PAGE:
The web is not static anymore. Things happen, and we want to know about them. Sometimes called web callbacks or reverse APIs, Webhooks, is a way for applications to communicate these events that take place. In the context of Flamelink, these changes can be anything from a schema update, a newly created content entry, a deleted navigation, or a host of other events that naturally occur as you manage your content.
You already love Flamelink's data flexibility - the webhooks feature is no exception. You set up the event triggers you are interested in, where and how we should let you know, and we will make sure to let you know.
Webhooks enable you to connect your Flamelink content to any external service available on the internet. Do you want to kick off a new build on your CI server when content changes, you can do it? Do you want to broadcast a Slack notification when a contact form is submitted, you can do it? Do you want to integrate with a complex bespoke API, you can probably do it! If the service can receive an HTTP request, the webhooks feature allows you to integrate with it.
Overview and Best Practices
Flamelink webhooks provide a powerful mechanism for notifying you any time an event happens in your project. There are a few things to be aware of that will help you configure your webhook integration.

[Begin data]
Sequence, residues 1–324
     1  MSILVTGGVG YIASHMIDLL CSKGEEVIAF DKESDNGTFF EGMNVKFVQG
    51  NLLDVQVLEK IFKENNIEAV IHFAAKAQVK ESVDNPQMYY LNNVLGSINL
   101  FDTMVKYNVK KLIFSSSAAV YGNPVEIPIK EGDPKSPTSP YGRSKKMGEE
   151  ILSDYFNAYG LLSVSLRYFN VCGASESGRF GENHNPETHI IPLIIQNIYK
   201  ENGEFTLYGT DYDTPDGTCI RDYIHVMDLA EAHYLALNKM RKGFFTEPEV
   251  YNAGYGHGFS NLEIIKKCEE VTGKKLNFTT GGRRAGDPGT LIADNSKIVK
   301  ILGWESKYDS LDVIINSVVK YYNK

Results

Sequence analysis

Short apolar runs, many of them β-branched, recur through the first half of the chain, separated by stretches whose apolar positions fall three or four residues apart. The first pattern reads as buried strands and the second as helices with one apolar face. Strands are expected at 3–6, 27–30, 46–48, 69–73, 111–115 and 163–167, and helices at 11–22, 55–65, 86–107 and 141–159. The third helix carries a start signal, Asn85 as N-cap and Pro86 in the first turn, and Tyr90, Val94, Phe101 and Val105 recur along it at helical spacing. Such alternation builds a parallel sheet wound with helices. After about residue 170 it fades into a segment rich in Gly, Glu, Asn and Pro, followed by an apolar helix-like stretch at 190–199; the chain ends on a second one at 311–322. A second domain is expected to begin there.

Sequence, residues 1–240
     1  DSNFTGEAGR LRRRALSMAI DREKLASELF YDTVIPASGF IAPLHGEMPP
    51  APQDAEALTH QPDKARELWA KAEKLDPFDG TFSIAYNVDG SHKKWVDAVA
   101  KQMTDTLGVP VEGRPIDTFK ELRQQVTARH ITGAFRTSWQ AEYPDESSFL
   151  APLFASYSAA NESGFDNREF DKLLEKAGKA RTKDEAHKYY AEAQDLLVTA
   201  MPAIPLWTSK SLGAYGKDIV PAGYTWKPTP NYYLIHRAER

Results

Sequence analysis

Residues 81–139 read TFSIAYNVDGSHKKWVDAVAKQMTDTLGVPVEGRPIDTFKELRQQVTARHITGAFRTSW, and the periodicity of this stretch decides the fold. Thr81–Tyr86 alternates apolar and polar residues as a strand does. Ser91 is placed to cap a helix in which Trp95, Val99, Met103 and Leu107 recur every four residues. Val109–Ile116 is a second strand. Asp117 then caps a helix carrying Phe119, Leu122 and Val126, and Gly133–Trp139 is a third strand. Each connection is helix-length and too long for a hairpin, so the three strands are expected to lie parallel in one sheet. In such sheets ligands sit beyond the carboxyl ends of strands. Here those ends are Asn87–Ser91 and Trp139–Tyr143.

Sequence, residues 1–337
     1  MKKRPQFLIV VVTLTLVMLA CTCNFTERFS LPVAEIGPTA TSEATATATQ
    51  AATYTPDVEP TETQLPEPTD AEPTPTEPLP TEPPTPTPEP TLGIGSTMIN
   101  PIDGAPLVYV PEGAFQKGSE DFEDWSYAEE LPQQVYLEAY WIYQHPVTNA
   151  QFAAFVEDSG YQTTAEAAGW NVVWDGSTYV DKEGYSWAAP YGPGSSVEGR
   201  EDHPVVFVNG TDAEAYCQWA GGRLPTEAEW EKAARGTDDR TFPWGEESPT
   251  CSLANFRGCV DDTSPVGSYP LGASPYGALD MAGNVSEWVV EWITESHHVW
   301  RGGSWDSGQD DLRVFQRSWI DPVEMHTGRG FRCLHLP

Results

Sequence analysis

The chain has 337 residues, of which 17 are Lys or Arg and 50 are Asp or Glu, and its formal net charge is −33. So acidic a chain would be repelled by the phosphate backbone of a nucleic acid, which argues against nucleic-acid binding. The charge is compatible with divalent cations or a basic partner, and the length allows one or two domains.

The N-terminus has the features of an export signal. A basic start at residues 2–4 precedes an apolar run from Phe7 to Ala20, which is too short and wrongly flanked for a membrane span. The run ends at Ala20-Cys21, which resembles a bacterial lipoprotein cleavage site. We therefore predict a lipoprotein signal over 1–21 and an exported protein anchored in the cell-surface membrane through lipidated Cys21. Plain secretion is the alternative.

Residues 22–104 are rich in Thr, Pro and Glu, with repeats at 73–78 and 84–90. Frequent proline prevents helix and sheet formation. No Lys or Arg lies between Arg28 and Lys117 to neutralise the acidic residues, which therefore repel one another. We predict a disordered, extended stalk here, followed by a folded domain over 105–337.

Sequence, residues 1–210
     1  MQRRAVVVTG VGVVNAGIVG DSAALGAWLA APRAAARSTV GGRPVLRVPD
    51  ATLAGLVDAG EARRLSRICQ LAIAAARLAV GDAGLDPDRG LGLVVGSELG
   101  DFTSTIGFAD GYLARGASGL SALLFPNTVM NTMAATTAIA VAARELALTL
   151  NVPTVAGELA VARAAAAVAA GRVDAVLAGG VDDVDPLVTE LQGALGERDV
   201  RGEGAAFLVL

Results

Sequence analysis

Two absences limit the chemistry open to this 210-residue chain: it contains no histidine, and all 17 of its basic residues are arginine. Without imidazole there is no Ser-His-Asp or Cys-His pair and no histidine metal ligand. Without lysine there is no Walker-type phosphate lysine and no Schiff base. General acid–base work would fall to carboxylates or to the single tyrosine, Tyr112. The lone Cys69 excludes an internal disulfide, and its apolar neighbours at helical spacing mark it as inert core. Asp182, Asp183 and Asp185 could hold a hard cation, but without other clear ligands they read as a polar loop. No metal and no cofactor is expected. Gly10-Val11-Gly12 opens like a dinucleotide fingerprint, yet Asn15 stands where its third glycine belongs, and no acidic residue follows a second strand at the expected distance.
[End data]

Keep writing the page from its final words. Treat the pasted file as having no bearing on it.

Flamelink will send a Webhook request event for each change that is detected in your project (that you selected to "listen" to). Each event has some metadata associated with it that can be used in your integration.
By default, the payload (request body) that Flamelink sends includes all of the event metadata, but it is recommended to rather read the data from the request headers than from this body request. The reason this is recommended is because if you use a custom payload, you might not have these fields included.
HTTP headers are case-insensitive, so the following headers might have different casing when it reaches your integration endpoint.